So an important point to keep in mind: even though a method claim can mostly recite method steps not related to activities of surgical nature, a single method step that does represent or encompasses such an activity may contravene Art. 53(c) EPC.
From the above it might seem as if all physical activities or actions having surgical character performed on a human or animal body are considered to be treatment by surgery, but this does not appear to be the case.
In G1/07 of the Enlarged Board of Appeal it was decided that:
“A claimed imaging method, in which, when carried out, maintaining the life and health of the subject is important and which comprises or encompasses an invasive step representing a substantial physical intervention on the body which requires professional medical expertise to be carried out and which entails a substantial health risk even when carried out with the required professional care and expertise, is excluded from patentability as a method for treatment of the human or animal body by surgery pursuant to Article 53(c) EPC.”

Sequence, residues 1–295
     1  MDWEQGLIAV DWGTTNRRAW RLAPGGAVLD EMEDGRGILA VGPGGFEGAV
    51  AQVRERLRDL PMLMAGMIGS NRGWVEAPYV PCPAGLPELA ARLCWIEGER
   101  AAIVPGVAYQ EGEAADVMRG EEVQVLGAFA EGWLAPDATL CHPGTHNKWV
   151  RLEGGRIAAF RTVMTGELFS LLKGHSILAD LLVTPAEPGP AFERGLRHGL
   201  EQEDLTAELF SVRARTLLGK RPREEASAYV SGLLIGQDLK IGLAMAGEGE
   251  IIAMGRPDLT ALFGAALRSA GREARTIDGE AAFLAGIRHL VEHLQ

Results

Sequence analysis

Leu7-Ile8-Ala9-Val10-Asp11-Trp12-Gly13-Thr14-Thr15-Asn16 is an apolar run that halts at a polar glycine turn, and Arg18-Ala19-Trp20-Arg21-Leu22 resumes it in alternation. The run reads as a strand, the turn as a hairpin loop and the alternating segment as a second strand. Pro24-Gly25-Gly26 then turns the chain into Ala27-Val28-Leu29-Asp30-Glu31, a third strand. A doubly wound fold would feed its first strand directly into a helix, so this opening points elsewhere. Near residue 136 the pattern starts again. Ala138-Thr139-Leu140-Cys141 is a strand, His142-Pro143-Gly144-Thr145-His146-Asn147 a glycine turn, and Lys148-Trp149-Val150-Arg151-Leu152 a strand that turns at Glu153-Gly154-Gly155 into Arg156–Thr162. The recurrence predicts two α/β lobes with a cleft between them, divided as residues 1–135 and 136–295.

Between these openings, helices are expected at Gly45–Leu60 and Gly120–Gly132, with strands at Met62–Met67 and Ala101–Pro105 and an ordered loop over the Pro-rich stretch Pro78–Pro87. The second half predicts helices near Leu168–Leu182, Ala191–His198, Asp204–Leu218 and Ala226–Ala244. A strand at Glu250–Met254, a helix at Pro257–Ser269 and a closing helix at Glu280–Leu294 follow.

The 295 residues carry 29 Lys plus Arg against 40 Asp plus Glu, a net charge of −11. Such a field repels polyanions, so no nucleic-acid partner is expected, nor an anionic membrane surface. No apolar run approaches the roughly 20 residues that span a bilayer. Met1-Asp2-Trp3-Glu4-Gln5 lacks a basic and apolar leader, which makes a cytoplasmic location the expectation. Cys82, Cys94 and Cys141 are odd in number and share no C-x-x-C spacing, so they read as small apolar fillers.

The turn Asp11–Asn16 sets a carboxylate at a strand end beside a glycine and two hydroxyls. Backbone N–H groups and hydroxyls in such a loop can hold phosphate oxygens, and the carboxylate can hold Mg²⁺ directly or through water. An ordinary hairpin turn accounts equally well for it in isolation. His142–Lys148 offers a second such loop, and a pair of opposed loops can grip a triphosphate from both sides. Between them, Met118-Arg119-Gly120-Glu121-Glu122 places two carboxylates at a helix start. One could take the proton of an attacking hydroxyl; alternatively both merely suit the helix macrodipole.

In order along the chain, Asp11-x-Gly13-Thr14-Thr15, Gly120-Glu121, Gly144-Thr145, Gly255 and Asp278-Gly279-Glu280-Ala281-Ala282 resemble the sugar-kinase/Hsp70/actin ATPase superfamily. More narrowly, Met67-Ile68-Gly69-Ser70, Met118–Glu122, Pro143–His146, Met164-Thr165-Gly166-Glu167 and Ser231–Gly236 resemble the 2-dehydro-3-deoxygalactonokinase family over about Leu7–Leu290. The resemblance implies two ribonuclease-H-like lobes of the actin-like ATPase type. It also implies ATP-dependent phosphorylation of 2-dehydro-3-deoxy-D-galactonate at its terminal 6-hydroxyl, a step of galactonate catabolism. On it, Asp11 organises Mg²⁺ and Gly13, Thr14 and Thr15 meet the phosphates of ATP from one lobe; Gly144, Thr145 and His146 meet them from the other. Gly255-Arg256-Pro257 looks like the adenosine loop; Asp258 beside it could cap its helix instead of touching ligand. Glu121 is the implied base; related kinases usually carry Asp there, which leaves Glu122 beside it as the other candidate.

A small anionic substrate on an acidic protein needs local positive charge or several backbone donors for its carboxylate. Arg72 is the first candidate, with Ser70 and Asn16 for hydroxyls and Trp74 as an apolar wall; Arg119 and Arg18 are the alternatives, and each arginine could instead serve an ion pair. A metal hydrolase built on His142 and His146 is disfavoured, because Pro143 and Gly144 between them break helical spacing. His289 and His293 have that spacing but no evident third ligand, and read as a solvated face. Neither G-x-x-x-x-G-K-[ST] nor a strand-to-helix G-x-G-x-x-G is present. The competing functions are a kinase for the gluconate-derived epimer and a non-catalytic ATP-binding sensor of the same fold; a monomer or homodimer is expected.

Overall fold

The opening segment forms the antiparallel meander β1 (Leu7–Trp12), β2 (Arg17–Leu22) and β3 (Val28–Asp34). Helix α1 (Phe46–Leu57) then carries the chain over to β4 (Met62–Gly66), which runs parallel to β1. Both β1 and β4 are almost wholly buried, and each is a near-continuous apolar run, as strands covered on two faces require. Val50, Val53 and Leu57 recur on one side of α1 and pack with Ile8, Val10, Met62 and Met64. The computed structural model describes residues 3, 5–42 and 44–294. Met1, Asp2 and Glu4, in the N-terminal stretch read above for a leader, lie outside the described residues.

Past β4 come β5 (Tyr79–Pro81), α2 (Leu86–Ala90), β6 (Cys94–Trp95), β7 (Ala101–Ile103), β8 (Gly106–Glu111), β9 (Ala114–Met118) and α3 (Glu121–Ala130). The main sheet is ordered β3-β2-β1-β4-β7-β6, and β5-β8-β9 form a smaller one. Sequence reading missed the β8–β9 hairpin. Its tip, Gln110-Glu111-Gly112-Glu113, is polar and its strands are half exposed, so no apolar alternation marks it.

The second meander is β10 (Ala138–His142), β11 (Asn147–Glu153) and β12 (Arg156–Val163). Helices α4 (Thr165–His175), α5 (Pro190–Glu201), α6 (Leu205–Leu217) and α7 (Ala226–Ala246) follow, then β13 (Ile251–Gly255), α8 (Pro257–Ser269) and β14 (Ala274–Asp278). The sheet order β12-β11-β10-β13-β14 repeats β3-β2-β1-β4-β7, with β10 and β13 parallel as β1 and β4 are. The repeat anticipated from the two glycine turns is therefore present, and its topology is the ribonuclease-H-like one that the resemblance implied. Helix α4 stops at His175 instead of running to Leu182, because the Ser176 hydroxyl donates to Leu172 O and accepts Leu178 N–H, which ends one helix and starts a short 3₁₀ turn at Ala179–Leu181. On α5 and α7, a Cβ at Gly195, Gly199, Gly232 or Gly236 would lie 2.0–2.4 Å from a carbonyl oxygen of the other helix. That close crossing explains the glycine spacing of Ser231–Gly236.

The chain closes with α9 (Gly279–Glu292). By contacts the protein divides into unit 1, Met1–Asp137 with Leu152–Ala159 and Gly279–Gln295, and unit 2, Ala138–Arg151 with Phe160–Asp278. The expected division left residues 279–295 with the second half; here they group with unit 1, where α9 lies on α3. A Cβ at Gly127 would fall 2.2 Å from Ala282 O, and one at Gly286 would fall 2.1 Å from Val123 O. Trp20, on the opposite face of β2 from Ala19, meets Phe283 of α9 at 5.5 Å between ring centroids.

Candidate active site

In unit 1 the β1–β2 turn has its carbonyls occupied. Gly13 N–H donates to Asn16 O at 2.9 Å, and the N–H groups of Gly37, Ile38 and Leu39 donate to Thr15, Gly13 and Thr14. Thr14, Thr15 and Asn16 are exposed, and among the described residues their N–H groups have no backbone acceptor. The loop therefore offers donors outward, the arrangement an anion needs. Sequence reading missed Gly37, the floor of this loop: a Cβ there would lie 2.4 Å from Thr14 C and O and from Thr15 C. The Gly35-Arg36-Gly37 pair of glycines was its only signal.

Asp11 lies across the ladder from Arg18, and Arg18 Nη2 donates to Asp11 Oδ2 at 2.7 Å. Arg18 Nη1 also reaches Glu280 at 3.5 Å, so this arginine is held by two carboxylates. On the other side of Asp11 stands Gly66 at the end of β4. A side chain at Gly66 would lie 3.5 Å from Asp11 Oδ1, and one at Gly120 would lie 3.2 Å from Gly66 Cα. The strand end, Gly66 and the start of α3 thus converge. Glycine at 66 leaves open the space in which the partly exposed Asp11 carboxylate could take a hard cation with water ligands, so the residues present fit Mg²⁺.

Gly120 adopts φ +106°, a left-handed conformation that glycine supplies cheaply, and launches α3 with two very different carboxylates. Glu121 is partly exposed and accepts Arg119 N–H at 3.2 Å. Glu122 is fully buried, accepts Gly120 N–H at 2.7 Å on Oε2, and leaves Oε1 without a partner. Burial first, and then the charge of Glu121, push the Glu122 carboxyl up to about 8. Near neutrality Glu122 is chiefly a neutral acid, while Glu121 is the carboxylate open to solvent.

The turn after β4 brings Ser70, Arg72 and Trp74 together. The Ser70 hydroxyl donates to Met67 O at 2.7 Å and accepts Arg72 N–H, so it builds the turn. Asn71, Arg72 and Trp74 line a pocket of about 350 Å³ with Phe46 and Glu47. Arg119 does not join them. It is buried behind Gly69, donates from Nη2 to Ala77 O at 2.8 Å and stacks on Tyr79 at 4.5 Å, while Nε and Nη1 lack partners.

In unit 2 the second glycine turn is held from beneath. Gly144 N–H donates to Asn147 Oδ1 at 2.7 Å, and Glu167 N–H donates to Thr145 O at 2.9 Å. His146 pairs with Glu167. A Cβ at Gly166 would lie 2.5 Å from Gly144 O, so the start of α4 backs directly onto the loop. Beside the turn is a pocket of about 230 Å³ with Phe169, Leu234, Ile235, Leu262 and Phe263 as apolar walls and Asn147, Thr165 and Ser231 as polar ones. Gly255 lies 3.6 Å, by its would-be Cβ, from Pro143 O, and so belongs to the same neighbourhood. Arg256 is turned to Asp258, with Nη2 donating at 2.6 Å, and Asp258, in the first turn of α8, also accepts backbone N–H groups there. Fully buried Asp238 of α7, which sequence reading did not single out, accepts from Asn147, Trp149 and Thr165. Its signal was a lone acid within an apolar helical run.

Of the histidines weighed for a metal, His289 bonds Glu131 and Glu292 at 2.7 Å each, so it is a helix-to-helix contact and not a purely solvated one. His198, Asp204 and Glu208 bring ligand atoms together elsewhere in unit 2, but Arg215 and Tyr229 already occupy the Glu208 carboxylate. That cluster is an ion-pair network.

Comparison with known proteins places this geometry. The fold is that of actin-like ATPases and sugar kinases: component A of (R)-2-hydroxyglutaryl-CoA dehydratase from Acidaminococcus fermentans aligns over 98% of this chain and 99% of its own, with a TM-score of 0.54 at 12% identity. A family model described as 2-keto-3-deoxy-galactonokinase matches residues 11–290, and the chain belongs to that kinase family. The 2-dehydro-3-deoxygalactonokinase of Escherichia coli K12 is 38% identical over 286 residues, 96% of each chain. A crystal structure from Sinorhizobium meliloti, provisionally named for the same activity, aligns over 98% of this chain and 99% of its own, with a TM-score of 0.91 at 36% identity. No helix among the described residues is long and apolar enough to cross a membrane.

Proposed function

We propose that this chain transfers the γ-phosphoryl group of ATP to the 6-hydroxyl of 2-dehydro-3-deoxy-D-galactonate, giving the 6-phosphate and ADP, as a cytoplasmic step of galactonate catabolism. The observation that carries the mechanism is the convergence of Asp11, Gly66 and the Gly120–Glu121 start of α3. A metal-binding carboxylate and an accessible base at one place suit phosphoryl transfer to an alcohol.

As further mentioned in G1/07, the term treatment by surgery must cover the kind of interventions which constitute the core of the medical profession's activities i.e. the kind of interventions for which their members are specifically trained and for which they assume a particular responsibility (Reasons 22.214.171.124). Consequently, this allows for patents relating to invasive techniques of routine character which are performed on uncritical parts of the body and generally carried out in a non-medical, commercial environment, such as tattooing, piercing, hair removal by optical radiation and micro-abrasion of the skin. (Reasons 126.96.36.199)